Home » A Ray of Hope, Amid the Gloom

A Ray of Hope, Amid the Gloom

A Ray of Hope, Amid the Gloom

Amidst the chaos seen in the power sector, with 22,000 MW thermal power projects lying idle for the need of coal or gas and lenders taking power generating assets to National Company Law Tribunal (NCLT) to recover dues, the transmission sector- with longer life cycle and lower risks- has exhibited the only ray of hope for investors and developers alike.

As per estimates by the Central Electricity Authority (CEA), there are around 46,000 MW of generation assets which are stranded for the lack of a last mile connectivity and evacuation related issues. Setting up this capacity will require an investment of Rs 2.5-3 trillion over the next five years.

To overcome this problem, the government has initiated schemes such as Saubhagya, which will help in providing electricity to each and every household in the country by December 2018, creating a massive opportunity for transmission companies; apart from emphasising on Green Corridors and Inter-State Transmission System (ISTS) based transmission projects at an investment of over Rs 1 trillion. The government also initiated competitive bidding of the projects to involve the private sector companies in executing large transmission projects.

Green energy corridors
These are high voltage inter-state and intra-state transmission lines which are being created to evacuate wind and solar electricity from the remote corners of the country connecting the rich renewable energy states with the non-renewable energy states. The plan also calls for strengthening the control infrastructure and establishing Renewable Rnergy Management Centres (REMC) at load dispatch centers at state, regional and national levels.

The Standing Committee on Energy in its report stated that the government has allocated Rs 6 billion towards the GEC for FY19 and the programme is targeting a cumulative physical goal of 3,000 circuit kilometer (ckt-kms) of transmission lines this year. The target for 2020 is 8,500 circuit km. However, the Standing Committee pointed out that there is a mismatch between this year’s goal and the funds allocated.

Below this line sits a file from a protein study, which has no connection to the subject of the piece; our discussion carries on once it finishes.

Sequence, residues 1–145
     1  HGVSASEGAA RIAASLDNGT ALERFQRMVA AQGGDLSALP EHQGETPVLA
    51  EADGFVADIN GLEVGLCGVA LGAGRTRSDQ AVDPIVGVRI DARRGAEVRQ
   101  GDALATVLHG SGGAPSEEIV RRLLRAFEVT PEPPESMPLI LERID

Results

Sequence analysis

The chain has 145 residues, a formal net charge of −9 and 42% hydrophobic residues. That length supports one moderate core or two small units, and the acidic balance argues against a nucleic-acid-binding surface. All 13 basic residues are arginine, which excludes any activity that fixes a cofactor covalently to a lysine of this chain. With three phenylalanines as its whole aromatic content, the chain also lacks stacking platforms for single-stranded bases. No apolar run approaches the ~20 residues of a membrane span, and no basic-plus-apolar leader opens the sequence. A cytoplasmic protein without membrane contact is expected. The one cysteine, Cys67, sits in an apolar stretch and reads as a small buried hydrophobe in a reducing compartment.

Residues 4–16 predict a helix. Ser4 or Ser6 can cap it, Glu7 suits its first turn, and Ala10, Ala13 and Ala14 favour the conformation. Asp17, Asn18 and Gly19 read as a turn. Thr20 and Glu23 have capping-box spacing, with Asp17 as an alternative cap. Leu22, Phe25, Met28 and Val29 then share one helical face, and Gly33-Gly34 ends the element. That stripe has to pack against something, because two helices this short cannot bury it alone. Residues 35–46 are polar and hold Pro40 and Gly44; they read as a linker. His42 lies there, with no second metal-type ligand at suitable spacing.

The target for transmission line installations in FY19 is more than five times as large as the physical target for 2017-18 but the budget is only increased by 20 per cent. ‘For FY18, Rs 5 billion was provided for the installation of 350 circuit km of transmission lines and for FY19, Rs 6 billion is being allocated for the installation of 1,900 circuit km of transmission lines,’the Committee noted, citing its apprehension if the GEC target could be attained in the next couple of years as still 5,500 km needs to be constructed.

Raj Prabhu, Chief Executive Officer, Mercom Capital Group said, ‘This is not a good news for the wind and solar sector. Over 11 GW of ISTS-connected solar and wind projects have been tendered so far this year. Though most of these projects will not be completed until sometime in 2019, a robust transmission infrastructure is a must to be able to off-take and transmit multi-GWs of solar and wind power planned over the next several years as India looks to install 100 GW of solar by 2022.’

Saubhagya Scheme
Under this scheme, launched in September 2017, the government aims to provide 40 million electricity connections by the end of December 2018 to reach each and every household in the country. Certain households identified via the Socio-economic and Caste Census (SECC) of 2011 will be eligible for free electricity connections, while others will be charged Rs 500. The total outlay of the project is Rs 163.2 billion, while the gross budgetary support is Rs 123.2 billion. The beneficiary household will get five LED lights, one AC fan and one AC power plug. It also includes the Repair and Maintenance (R&M) for five years. As of August 2018, electricity has reached 91 per cent household in the country with another four months to go for the completion of the target. This scheme has provided a huge investment opportunity for the transmission companies to lay the evacuation facilities to the remote corners of the country.

ISTS-based Transmission Projects
Under this system, the developer is responsible for creating the transmission infrastructure from its generating assets to the nearest substation. It should be noted that the revenue for ISTS projects is assured through long-term (30-35 years) transmission service agreements and is delinked from the quantum of electricity transmitted. The revenue is contingent on maintaining line availability above 98 per cent. But this is easily achievable through routine Operations and Maintenance (O&M) and is not technically challenging.